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Re: Jake, Lena, Fred, John and Inna need to drive home from a corporate re [#permalink]
walker, whats this latex formula business ? lol
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Re: Jake, Lena, Fred, John and Inna need to drive home from a corporate re [#permalink]
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walker wrote:
E

[X][YYYYYY]

X: Inna or Jake: \(P^2_1\)
Y: Lena , Fred, John and (Jake or Inna): \(P^6_4\)

\(N=P^2_1*P^6_4=2*\frac{6!}{2!}=6*5*4*3*2=720\)


Am I right in saying that the reason we use permutation instead of combination is because the question asks for different seat allocations and A-B-C-D-E is a different "seat allocation" than A-C-B-D-E? (This is the only thing that bugs me for this question... sorry if it sounds stupid.)
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Re: Jake, Lena, Fred, John and Inna need to drive home from a corporate re [#permalink]
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Basically, are we saying order matters for this problem?
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Re: Jake, Lena, Fred, John and Inna need to drive home from a corporate re [#permalink]
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marcodonzelli wrote:
Jake , Lena , Fred, John and Inna need to drive home from a corporate reception in an SUV that can seat 7 people . If only Inna or Jake can drive, how many seat allocations are possible?

30

42

120

360

720


please provide a detailed explanation


a case of permutation:
= 2 x 6p4
= 2 (6x5x4x3x2!)/ 2!
= 720
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Re: Jake, Lena, Fred, John and Inna need to drive home from a corporate re [#permalink]
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pmenon wrote:
walker, whats this latex formula business ? lol


it is a car [X][YYYYYY] :)

X - a seat for a driver.
Y - 6 seats for others.
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Re: Jake, Lena, Fred, John and Inna need to drive home from a corporate re [#permalink]
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What am I doing wrong.

If Jake is in first spot there are 6! ways to arrange the other 6
If Inna is in first spot there are 6! ways to arrange the other 6

6!+6! = 1440

I know I am not accounting for something and definitely would have picked 720 on the test since 1440 isn't on there, but what am I double counting?

Thanks
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Re: Jake, Lena, Fred, John and Inna need to drive home from a corporate re [#permalink]
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Hi Bunuel,
I have a doubt here. Appreciate your help.

this question is similar to this problem.

a-family-consisting-of-one-mother-one-father-two-daughters-69657.html


then why permutation used in this problem?



marcodonzelli wrote:
Jake , Lena , Fred, John and Inna need to drive home from a corporate reception in an SUV that can seat 7 people . If only Inna or Jake can drive, how many seat allocations are possible?

30

42

120

360

720


please provide a detailed explanation
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Re: Jake, Lena, Fred, John and Inna need to drive home from a corporate re [#permalink]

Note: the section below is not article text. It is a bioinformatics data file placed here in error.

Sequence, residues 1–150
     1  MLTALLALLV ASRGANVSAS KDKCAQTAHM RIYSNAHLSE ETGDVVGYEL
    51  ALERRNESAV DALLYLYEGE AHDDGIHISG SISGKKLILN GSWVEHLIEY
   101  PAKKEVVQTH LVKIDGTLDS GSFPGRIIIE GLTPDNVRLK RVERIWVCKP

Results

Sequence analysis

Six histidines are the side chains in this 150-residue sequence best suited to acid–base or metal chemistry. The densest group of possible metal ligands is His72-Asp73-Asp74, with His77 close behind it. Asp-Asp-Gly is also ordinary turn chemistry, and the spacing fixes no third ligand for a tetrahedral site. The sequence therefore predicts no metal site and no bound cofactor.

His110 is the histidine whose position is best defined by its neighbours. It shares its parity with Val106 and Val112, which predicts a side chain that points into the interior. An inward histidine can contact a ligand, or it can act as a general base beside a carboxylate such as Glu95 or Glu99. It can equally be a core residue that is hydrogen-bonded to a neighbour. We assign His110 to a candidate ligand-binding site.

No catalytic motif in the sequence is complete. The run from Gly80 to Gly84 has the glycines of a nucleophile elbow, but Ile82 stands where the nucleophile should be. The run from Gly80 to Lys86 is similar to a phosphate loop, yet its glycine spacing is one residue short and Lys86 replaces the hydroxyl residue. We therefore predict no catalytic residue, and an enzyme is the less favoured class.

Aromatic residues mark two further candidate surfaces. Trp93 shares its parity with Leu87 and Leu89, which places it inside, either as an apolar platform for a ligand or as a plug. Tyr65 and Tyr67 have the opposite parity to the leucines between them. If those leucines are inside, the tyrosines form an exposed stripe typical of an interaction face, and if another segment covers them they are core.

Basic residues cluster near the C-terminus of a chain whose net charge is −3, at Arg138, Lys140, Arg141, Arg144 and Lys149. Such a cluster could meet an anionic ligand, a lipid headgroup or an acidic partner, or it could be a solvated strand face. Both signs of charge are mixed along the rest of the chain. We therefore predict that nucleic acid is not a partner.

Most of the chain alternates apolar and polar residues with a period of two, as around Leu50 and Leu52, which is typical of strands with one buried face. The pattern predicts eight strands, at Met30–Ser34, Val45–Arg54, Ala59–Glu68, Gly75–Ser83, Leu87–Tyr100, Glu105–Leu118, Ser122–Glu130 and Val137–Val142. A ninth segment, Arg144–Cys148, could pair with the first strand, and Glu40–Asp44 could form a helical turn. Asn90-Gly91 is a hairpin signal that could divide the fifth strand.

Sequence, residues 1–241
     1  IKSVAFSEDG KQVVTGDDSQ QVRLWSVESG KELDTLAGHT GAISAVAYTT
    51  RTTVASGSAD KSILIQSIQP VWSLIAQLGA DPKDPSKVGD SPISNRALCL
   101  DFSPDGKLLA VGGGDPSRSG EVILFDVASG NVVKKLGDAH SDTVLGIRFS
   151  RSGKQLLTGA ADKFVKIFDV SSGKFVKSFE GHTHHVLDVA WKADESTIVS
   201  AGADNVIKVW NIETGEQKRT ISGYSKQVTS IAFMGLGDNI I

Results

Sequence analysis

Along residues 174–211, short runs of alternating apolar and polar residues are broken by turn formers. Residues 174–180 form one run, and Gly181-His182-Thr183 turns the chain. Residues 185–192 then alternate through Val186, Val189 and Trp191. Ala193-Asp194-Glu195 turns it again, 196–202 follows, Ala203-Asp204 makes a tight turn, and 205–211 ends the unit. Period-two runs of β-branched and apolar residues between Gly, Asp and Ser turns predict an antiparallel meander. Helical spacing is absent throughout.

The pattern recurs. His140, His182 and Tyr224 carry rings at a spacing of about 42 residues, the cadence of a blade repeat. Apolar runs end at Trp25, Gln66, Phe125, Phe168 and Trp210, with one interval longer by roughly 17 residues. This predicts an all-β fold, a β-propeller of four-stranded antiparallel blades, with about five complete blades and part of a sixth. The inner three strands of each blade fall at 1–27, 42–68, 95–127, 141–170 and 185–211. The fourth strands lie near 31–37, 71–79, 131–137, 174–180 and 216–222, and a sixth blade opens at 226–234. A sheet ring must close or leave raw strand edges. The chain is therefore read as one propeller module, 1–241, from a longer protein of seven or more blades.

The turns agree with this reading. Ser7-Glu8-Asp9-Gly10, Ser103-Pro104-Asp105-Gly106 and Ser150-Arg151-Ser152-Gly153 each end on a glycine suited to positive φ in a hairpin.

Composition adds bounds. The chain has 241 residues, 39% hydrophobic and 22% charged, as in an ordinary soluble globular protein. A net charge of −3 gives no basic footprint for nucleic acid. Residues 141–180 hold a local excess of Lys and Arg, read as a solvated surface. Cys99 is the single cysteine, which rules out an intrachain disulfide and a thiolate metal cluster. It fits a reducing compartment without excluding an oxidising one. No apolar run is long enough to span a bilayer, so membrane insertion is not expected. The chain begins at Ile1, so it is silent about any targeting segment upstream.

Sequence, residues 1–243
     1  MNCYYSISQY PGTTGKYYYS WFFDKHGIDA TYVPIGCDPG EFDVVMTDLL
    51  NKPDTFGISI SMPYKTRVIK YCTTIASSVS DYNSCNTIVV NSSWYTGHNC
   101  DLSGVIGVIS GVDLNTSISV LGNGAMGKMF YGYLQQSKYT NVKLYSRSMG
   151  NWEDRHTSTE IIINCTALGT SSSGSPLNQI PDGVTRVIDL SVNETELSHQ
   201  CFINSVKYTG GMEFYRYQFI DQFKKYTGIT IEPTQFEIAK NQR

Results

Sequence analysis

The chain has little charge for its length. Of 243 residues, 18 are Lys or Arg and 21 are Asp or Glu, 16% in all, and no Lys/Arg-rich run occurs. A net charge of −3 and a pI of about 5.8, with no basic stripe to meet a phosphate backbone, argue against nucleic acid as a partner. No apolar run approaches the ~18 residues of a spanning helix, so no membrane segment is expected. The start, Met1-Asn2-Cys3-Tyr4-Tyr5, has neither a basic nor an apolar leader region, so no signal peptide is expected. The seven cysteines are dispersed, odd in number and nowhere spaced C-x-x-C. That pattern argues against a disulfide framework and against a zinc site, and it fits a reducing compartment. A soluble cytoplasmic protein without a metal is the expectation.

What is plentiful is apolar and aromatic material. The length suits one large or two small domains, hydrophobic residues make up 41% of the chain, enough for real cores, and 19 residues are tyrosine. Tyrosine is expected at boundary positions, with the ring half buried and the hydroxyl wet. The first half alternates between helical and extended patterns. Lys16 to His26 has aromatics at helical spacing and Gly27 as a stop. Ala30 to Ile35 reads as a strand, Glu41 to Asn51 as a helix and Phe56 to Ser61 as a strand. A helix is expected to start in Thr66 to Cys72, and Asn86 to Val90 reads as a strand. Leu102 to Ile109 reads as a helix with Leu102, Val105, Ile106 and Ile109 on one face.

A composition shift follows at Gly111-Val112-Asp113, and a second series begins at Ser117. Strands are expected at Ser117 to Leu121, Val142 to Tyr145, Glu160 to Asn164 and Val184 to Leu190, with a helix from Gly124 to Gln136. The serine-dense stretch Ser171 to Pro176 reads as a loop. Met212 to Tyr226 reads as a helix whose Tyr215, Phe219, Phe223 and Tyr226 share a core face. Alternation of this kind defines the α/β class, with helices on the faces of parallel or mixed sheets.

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sunita123 wrote:
Hi Bunuel,
I have a doubt here. Appreciate your help.

this question is similar to this problem.

a-family-consisting-of-one-mother-one-father-two-daughters-69657.html


then why permutation used in this problem?



marcodonzelli wrote:
Jake , Lena , Fred, John and Inna need to drive home from a corporate reception in an SUV that can seat 7 people . If only Inna or Jake can drive, how many seat allocations are possible?

30

42

120

360

720


please provide a detailed explanation


Because the order matters here. But you could solve this with combinations formula too: \(2*C^4_6*4!=720\).

Answer: E.
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Re: Jake, Lena, Fred, John and Inna need to drive home from a corporate re [#permalink]
Bunuel wrote:
sunita123 wrote:
Hi Bunuel,
I have a doubt here. Appreciate your help.

this question is similar to this problem.

https://gmatclub.com/forum/a-family-cons ... 69657.html


then why permutation used in this problem?



marcodonzelli wrote:
Jake , Lena , Fred, John and Inna need to drive home from a corporate reception in an SUV that can seat 7 people . If only Inna or Jake can drive, how many seat allocations are possible?

30

42

120

360

720


please provide a detailed explanation


Because the order matters here. But you could solve this with combinations formula too: \(2*C^4_6*4!=720\).

Answer: E.



I still dont understand why order matters here, we have restriction for the drivers seats rest of the seats can be taken by any of the people in any ways . please help me understand. Also when applying combinations approach why are we multiplying by fact.4 in the end
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Re: Jake, Lena, Fred, John and Inna need to drive home from a corporate re [#permalink]
A common mistake people make in this question is by applying combination instead of permutation. If we arrange using 4! separately after using combinations then also we can get the correct answer.
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Re: Jake, Lena, Fred, John and Inna need to drive home from a corporate re [#permalink]
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Re: Jake, Lena, Fred, John and Inna need to drive home from a corporate re [#permalink]
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